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The Oscars and the unseemly pursuit of an advertising demographic

Or, how James Franco ought to know better.

James Franco Oscars Portland

In this Sunday's NY Times, the film critic A.O. Scott writes about his memories of the Oscars when he was a child:

"I think I remember the hosts more than the awards themselves. Bob Hope and Johnny Carson were the neutral settings against which the glamour and craziness of the movies and their stars stood out. Those guys seemed to come from a planet of show business that was as exotic as anything I could imagine, and in hindsight they — and their most successful successors, Billy Crystal and the Oscar winner Whoopi Goldberg — gave the ceremony a reassuring glow of consensus. The show could be boring, corny, vulgar, but always in an unpredictable mix.

I have to say I miss that. I suppose I respect the desire of the Oscars to be cool, relevant and sophisticated, but I also wonder why they have to try so hard. When I was a kid — and a rebellious teenager and an undergraduate poseur and a glamour-starved grad student — I never expected the Oscars to cater to my needs and tastes, and that made them much more fun to watch. Now I am constantly aware of their eagerness to please, with younger hosts, a sleeker format, fewer songs, whatever, and I find it kind of sad."

Last night watching the Oscars, I noticed my 17 year old daughter drift away to her laptop very quickly, and I had the same feeling of sadness. I soldiered on through it. The cheap attempts at being "cool" by mentioning social media or Facebook as often as possible were backfiring. When Justin Timberlake, in an attempt to capture the recent cultural meme, said "I am Banksy," his remark fell flat with the Oscars audience and left me curling my toes. Franco and Hathaway did a good enough dog and pony show, with Franco robotically reading his lines through stoner eyes and a huge grin, looking like he was wondering what the hell he was doing there while Hathaway surely convinced the Oscars producers that she ought to be asked back every year for being a fine sport and playing along with the farce.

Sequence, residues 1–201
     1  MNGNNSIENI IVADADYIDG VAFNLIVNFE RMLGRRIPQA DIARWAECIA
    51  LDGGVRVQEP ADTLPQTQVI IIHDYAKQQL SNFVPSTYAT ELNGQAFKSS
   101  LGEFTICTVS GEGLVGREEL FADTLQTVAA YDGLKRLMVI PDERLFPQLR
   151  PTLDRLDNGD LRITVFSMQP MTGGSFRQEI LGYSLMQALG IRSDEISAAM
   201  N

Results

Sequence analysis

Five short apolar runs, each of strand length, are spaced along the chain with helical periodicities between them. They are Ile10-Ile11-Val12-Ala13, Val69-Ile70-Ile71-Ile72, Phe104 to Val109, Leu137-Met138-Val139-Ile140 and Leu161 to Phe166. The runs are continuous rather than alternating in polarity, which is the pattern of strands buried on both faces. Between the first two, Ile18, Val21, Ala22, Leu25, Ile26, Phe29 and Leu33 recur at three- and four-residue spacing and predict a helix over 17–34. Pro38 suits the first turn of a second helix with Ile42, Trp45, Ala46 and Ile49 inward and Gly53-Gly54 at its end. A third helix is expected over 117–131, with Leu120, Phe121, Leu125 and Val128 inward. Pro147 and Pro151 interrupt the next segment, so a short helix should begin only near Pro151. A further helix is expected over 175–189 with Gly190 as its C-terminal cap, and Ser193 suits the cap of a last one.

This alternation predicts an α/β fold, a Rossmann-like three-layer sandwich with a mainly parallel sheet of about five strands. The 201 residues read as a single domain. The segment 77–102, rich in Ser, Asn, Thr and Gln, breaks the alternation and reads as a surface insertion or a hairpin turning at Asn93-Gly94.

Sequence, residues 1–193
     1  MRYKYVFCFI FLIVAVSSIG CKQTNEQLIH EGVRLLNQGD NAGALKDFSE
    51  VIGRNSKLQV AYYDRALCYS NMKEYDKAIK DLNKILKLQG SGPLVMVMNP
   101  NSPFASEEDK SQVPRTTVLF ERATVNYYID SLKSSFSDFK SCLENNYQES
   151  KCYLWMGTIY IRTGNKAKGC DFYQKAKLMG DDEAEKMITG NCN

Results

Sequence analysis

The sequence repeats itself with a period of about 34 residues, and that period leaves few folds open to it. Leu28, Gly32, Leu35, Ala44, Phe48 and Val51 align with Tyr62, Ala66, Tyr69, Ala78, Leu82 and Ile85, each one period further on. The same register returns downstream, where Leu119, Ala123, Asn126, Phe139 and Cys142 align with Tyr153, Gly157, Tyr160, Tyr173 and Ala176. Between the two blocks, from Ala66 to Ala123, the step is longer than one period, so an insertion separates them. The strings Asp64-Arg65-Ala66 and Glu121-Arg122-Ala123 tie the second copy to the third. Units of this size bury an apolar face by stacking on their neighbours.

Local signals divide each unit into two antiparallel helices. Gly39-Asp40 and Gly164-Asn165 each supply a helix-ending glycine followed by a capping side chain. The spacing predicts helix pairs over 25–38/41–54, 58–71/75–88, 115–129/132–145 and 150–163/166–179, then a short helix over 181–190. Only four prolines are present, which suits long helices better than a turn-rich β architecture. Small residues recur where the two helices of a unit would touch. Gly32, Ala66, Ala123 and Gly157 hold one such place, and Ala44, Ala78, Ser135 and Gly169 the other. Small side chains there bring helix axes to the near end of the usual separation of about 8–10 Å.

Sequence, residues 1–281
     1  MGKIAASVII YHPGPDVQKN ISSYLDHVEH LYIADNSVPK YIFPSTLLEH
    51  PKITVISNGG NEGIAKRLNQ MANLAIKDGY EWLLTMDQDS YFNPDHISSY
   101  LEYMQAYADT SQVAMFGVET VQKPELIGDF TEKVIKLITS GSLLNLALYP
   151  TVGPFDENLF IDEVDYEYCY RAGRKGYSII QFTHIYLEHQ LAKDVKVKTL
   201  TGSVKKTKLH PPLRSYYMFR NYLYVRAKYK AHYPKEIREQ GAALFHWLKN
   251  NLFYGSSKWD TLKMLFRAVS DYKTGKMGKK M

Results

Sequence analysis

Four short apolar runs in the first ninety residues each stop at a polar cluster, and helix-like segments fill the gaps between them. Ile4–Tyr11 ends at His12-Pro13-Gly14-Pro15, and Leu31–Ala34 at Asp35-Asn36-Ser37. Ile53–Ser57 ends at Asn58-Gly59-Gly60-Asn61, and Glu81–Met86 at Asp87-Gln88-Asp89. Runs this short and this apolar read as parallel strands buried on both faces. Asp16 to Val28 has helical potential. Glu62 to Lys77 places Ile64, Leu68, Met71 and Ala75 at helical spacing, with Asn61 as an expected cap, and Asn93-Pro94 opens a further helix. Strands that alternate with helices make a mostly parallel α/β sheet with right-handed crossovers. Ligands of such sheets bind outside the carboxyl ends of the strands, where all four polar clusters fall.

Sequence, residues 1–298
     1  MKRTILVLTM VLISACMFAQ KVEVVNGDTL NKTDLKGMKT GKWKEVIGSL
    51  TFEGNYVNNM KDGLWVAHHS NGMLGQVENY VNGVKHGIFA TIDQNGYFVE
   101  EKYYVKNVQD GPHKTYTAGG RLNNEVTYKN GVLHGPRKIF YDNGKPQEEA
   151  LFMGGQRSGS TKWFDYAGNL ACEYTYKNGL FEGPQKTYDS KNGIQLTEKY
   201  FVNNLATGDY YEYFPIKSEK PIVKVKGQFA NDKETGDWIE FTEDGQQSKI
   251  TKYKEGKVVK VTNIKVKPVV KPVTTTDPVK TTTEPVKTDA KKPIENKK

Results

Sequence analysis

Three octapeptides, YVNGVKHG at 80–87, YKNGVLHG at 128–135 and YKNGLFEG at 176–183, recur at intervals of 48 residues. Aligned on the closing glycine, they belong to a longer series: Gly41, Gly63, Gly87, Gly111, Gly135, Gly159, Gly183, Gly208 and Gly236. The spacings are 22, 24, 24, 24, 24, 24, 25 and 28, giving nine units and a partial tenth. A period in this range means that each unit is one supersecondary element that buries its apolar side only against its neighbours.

Every year now the producers of the Oscars and the Grammys fall into the same trap - Problem: viewership is down, that means advertising dollars won't be at a premium. Solution: "We must be losing young people, let's dumb this thing down. We can fight that damned Internet! Get me Franco and Hathaway! And thank God for The Social Network."

As A.O. Scott says, I find it rather sad.

[Update: At least James Franco has a grasp of Twitter reach..]

[Update: Young audience still eludes Oscars]

They want it to better represent who they are..

Something to consider